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A new study suggests that young children whose mothers used methamphetamine in pregnancy are at higher risk of behavior problems compared with children whose mothers didn’t use the drug.

Use of the drug during pregnancy can lead to anxiety, depression and moodiness in children at age 3, the study found. Lead researcher Linda LaGasse called these findings “very worrisome,” the Associated Press reports. She said it is not known whether these problems persist long-term.

The study included 330 children whose mothers were recruited shortly after they gave birth. The mothers were asked about meth use during pregnancy, and their newborns’ stools were tested for the drug. The children’s behavior was evaluated at age 3 and again at age 5. The children’s behavior was compared with a group of children whose mothers had not taken meth, but who also came from disadvantaged homes.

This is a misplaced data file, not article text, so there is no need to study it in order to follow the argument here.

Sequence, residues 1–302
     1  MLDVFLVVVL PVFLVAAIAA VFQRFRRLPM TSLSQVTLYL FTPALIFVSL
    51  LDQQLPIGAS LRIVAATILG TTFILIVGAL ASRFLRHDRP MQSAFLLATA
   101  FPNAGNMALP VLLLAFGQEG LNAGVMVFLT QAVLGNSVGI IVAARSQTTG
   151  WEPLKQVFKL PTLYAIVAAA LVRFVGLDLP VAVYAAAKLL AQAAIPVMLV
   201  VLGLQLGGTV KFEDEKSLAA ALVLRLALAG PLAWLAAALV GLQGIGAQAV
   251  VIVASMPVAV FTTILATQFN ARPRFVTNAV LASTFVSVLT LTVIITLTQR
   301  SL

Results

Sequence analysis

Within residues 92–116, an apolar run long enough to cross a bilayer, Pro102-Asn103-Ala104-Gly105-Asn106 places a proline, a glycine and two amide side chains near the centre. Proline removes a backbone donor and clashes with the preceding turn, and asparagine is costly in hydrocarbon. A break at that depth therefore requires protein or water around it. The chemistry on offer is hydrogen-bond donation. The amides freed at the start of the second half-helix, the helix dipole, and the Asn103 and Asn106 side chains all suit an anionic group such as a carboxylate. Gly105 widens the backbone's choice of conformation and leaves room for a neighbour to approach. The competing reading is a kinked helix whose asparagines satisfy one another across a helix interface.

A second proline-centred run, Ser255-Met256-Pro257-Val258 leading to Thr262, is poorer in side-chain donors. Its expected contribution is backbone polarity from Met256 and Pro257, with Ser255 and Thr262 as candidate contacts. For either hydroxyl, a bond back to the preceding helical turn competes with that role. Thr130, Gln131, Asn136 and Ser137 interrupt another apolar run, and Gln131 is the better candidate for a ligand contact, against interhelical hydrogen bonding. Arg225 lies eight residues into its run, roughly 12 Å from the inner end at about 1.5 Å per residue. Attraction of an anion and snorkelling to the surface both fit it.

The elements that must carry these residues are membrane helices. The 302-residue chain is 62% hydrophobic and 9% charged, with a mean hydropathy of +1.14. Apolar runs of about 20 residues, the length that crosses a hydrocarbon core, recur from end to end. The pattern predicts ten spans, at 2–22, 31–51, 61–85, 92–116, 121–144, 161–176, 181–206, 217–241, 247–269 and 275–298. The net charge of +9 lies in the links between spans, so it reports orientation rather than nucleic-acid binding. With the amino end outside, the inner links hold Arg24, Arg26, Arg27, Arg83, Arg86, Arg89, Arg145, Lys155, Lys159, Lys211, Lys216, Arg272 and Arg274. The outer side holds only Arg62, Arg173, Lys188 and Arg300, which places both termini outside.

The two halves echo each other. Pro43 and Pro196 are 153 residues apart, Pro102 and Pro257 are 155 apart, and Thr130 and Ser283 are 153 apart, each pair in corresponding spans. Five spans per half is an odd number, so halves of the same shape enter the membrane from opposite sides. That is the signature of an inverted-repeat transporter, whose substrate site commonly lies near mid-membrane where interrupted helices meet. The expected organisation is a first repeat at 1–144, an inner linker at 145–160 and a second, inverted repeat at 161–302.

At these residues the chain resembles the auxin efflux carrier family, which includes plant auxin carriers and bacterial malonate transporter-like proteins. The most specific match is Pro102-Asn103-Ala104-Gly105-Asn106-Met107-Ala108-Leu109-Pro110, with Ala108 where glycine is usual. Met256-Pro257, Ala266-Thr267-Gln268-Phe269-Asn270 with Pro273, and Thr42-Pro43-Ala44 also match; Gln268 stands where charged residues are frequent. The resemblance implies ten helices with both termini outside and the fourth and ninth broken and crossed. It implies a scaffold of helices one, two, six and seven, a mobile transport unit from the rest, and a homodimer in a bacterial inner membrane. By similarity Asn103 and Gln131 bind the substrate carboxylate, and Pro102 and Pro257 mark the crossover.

At age 3, children whose mothers had used meth scored slightly higher for anxiety, moodiness and depression, and these differences were still apparent at age 5. The meth-exposed children also showed more aggression and attention problems age at 5.

The study authors conclude in the journal Pediatrics that early detection of methamphetamine-associated behavior problems could lead to the development of better prevention and intervention programs for these children.

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